Former sorority house will be first on-campus building exclusively designated a living and learning space for LGBTQIA+ students Twitter
By Shannon Sigafoos
Each academic year, as students peruse the vast array of housing options available for living on and off campus, they’ll find there are many different ways to craft their desired residential experience.
Starting next semester, those options will include the College’s first-ever fully gender-neutral, gender-inclusive residence hall. Dubbed “Lavender Lane,” the former Tri Delta sorority house will provide a welcoming living space for 25 LGBTQIA+ sophomore, junior, and senior students and allies. And if its organizers have anything to say about it, it will be one in a series of moves the College makes in the future to create an even stronger LGBTQIA+ affirming environment.
“We’ve had an overwhelming response from the student body in regard to applications to Lavender Lane. We have currently received 34 applications, and there are only 25 beds to fill. This tells us that there is a larger gender-nonconforming population on campus than we originally thought, as well as people who feel unsafe in their current living situation. We will continue to push for gender inclusiveness across campus,” shared Meredith McGee ’23, who has organized all planning for the house along with Kayla Massi ’23.
Massi and McGee currently serve as president and vice president, respectively, of OUT Lafayette and realized that it would be to the benefit of many if the College’s housing options—which allow students to indicate a preference for assignment to a gender-inclusive unit in Fisher East and Fisher West, Grossman House, Watson Hall, Watson Courts, and any off-campus apartment—continued to reach beyond outdated paradigms and create fully immersive environments that also encourage educational programming.
Standards across campus have certainly improved, and along with the aforementioned gender-inclusive locations, several other residence halls contain single-use restroom facilities that are not designated by gender. McGee and Massi, however, had a goal of fully accommodating the vast array of identities that exist on campus and in the world at large.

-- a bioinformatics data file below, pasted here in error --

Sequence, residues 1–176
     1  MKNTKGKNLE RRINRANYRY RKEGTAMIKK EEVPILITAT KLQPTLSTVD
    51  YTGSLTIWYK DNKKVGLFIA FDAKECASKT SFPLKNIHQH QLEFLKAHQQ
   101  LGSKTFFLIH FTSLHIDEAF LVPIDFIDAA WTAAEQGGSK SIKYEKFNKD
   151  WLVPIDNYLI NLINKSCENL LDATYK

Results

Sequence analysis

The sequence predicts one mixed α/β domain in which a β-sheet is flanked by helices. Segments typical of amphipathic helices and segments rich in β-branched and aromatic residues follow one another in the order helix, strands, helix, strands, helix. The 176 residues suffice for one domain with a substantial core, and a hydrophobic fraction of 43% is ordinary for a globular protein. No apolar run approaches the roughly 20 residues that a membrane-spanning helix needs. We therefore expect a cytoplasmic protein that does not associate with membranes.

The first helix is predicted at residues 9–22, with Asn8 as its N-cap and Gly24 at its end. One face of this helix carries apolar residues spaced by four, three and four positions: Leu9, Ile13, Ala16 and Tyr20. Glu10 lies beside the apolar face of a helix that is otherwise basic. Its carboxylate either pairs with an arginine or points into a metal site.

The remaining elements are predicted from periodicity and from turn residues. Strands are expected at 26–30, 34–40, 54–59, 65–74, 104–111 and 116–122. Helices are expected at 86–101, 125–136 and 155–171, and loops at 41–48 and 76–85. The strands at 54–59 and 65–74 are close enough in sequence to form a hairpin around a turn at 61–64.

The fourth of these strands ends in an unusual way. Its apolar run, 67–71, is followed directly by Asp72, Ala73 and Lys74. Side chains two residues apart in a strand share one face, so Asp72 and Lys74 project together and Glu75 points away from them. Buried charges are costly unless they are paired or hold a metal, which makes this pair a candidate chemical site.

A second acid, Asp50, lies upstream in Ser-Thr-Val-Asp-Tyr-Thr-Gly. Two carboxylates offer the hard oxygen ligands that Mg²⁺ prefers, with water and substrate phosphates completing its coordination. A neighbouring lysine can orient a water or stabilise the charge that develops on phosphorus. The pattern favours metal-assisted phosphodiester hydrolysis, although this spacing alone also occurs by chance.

To that end, they will be hosting a mandatory informational meeting Feb. 28 for the individuals who applied for the house, so that they may go over the rules and expectations for living in the space. Anyone who did not apply but who may have an interest in the house is also welcome to attend, though it is unlikely that McGee and Massi will be able to accept any more applications for the coming semester.
“Lavender Lane is considered special-interest housing, so we will have to keep reapplying for the space each year. Hopefully, in the future, there will be options for permanent gender-neutral living spaces,” says McGee.
Though planning for Lavender Lane has happened in collaboration with Grace Reynolds, director of residence life, and Tommy Lee, assistant director of intercultural development for gender and sexuality programs, McGee and Massi have handled a number of responsibilities associated with the house getting up and running, including addressing their peers’ questions and concerns.
“Kay and Meredith have been talking about this house since we first met, and I could tell by their enthusiasm and drive that this would be a very real possibility. I have been so amazed at their organization and purposefulness in creating an inclusive and affirming place for students to live and build community,” says Lee. “Comparatively, my role has been quite small. I provided some guidance on the application, but it really didn’t need any editing or revisions. They were able to so poignantly articulate the importance of gender-affirming housing and outline a clear strategy for filling and utilizing the space, and it was my honor to back them up and advocate for their application internally.”
Lee went on to acknowledge the project’s immediate and long-term impact.
“I’ve mentioned how I want to see more spots on campus become safe spaces for LGBTQIA+ students beyond just the Gender and Sexuality Resource Center (GSRC). Lavender Lane is a physical embodiment of that goal coming to life. Twenty-five students will have the privilege of living in the space, but so many more will benefit from the programming and meeting opportunities presented,” he says.
“Its existence as a social community space for programming and conversation also allows the GSRC to focus more directly and intentionally around being a dedicated educational and resource-oriented space. Long term, it is important to make Lavender Lane sustainable and to provide gender-affirming housing opportunities year after year. The Office of Residence Life have been phenomenal collaborators, and we are thrilled to be working alongside them to identify ways to provide inclusive housing and implement best practices institutionally.”